The background-repeat property

CSS can repeat the background image you specify, to fill out the entire container. In fact, this is the default behavior, which is great for a lot of situations. This allows you to create a small, textured background image and then have it repeated as many times as needed, to fill out the available background. We already saw this behavior in the first example, but what are the alternative?

Background repetition is controlled through the background-repeat property, which has several possible values. Here's an example showing you them all:

<style type="text/css">
.box {
	background-image: url('');
	width: 200px;
	height: 150px;
	margin: 10px;
	border: 1px solid black;
	text-align: center;
	font-weight: bold;
	font-size: 2em;

<div class="box" style="background-repeat: repeat;">

<div class="box" style="background-repeat: repeat-x;">

<div class="box" style="background-repeat: repeat-y;">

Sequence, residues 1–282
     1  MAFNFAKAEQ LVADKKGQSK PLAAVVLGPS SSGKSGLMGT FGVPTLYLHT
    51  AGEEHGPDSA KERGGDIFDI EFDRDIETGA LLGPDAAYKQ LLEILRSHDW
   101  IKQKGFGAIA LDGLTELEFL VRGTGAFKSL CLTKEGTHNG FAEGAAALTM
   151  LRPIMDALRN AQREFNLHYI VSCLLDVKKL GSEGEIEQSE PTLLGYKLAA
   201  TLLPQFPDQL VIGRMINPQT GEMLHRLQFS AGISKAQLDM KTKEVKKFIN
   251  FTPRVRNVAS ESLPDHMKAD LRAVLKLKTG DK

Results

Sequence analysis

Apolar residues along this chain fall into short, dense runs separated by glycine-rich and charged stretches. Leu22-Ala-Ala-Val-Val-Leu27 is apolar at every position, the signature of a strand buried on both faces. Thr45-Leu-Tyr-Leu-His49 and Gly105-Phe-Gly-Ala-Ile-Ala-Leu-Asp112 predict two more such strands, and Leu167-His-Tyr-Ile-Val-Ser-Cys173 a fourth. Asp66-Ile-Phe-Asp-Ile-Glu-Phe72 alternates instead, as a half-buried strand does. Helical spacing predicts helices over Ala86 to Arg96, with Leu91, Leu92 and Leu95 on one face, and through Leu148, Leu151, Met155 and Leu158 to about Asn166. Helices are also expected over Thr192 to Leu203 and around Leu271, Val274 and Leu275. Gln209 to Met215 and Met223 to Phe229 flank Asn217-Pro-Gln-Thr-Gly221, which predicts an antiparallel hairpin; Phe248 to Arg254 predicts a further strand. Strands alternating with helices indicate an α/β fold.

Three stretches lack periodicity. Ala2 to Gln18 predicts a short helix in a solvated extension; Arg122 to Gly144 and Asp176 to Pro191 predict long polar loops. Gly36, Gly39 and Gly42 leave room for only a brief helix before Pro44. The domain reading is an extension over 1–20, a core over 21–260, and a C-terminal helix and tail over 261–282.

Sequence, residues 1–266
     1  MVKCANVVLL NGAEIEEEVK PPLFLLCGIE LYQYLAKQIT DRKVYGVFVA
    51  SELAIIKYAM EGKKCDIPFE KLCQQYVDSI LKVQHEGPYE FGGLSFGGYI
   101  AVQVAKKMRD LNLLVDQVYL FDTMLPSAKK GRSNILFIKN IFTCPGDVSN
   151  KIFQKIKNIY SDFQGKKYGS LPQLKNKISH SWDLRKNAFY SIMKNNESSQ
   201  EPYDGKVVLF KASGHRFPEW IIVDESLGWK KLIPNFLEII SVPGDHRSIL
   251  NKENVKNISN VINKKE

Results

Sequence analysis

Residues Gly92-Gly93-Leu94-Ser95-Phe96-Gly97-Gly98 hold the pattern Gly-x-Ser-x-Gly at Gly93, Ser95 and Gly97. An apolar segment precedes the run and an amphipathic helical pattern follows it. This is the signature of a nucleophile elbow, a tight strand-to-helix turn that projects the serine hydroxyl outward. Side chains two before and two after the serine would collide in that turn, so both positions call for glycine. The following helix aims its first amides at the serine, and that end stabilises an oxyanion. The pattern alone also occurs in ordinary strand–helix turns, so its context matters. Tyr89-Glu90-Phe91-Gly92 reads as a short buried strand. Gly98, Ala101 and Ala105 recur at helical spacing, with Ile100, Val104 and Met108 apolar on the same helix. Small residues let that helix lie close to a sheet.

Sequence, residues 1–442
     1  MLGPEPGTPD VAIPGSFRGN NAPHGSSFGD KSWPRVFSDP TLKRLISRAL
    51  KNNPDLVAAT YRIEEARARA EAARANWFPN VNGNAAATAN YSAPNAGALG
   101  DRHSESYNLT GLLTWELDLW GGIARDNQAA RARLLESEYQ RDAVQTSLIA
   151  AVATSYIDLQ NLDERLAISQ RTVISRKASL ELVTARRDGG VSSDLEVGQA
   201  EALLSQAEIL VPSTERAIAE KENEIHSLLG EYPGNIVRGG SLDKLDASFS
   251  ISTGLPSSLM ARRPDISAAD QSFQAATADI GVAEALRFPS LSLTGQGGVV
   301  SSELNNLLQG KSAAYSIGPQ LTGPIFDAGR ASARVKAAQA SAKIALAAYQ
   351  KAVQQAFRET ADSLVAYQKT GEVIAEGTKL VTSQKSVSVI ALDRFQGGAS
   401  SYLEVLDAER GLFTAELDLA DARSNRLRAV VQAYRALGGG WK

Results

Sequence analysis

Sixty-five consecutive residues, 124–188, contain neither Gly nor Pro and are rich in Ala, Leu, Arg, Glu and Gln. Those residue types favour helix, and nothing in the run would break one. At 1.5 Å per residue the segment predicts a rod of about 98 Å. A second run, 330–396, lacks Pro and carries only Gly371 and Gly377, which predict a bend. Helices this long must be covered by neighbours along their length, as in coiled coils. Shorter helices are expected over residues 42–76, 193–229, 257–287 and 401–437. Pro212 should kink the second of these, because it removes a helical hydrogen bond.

<div class="box" style="background-repeat: no-repeat;">

In the first box, we use the default value of repeat, which basically means that the background image will be repeated in both directions. In the next two boxes, we use repeat-x and repeat-y - the first one repeating the background only horizontally, while the latter only repeats vertically. The last box uses the no-repeat value, which means that the image will be displayed as it is. In any case, if the background is actually bigger than the containing element, then the image will be clipped - only the required portion of it, to fill the containing element, will be used, with the rest being invisible.


The background-repeat property is very powerful, allowing you to define exactly how and even if you want a background image to be repeated inside an element. In the fluid world of web design, where elements usually doesn't have a fixed size, this is really great. However, when you don't want any repeating to occur, you may need more control of where the background is placed. This can be achieved with the background-position property, which we'll discuss in the next article.

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